Ultra Electronics shares fall as SFO opens criminal investigation into firm

The UK's Serious Fraud Office has opened a criminal investigation into "suspected corruption" in the conduct of Ultra Electronics' Algeria business.

The defence firm said this morning that the probe relates to "conduct of business in Algeria by Ultra, its subsidiaries, employees and associated persons".

Ultra said the decision follows a "voluntary self-report" by the firm to the SFO and that it continues to co-operate with the SFO.

Shares in the company dropped nearly eight per cent in early trading.

Read more: Ultra Electronics flies in figures guru as new boss

Ultra said:

Given the stage of these matters, it is not possible to estimate reliably what effect the outcome of this matter may have on the group. The company will provide a further update as and when appropriate.

The SFO confirmed it had opened a criminal investigation and said in a statement: "No further information can be provided at this time as the investigation is live."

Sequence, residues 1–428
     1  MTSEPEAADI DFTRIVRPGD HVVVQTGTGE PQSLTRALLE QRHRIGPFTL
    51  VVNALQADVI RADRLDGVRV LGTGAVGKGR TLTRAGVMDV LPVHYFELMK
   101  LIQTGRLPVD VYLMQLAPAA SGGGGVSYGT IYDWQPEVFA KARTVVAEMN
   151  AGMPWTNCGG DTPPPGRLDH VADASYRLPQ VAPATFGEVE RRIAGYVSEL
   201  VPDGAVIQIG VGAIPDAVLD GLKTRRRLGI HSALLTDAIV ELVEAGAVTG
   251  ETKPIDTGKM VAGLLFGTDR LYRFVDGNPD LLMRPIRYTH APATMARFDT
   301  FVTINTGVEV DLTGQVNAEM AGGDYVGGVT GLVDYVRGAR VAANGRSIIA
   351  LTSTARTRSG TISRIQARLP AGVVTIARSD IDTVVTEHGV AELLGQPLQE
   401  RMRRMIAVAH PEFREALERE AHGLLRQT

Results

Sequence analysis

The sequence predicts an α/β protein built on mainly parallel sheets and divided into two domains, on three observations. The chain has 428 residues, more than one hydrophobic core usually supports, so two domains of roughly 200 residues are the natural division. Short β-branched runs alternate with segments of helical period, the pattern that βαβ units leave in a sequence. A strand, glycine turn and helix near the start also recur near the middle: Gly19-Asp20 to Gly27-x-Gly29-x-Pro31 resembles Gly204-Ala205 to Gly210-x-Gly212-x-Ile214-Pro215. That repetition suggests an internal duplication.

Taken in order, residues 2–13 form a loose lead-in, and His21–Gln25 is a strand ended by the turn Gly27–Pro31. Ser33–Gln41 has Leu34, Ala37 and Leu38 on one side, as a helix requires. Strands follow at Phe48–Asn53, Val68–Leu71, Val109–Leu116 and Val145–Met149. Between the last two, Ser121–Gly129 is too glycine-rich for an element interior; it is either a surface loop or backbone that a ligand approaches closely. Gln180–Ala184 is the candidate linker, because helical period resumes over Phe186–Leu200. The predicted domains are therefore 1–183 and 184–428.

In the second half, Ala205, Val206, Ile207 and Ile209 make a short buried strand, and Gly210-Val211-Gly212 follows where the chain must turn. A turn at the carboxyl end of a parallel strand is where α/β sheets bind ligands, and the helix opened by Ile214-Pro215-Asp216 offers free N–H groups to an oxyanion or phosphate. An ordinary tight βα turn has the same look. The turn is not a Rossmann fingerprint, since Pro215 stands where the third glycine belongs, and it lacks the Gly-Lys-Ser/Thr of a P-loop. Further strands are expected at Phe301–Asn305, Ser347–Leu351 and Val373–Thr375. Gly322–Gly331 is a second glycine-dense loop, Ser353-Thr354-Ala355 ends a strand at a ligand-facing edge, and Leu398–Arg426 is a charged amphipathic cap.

The news comes after the FTSE 250 firm last month revealed the former boss of BBA Aviation, Simon Pryce, would be taking the reins as chief executive officer in June.

Last November, Rakesh Sharma stepped down as chief executive after years with the firm.

At the time, Ultra said the UK market had become increasingly difficult, citing "mounting pressures" in the funding of UK defence programmes which had then affected a number of its UK orders budgeted for the year.

Douglas Caster, who filled the void left by Sharma, reverts back from executive to non-executive chairman.

Shares in the company were rocked in March after Ultra announced it was scrapping a deal to buy US rival Sparton.

It had been planning a $235m deal to buy Sparton, but announced in its annual results that it was scrapping the proposal, sending shares slumping by a fifth.

Ultra had agreed to buy the US firm, which makes anti-submarine warfare devices used by the US Navy, in July.

However, following discussions with the US Department of Justice over competition concerns, Ultra and Sparton "mutually agreed" to terminate the merger, the firm said.

AJ Bell investment director Russ Mould said at the time that 2017 had been an "appalling" year for Ultra, adding that uncertainty was likely to "hang over the business" until the previously delayed UK defence review was completed in the summer.

Read more: Shares in Ultra Electronics drop as it scraps a deal to buy rival Sparton

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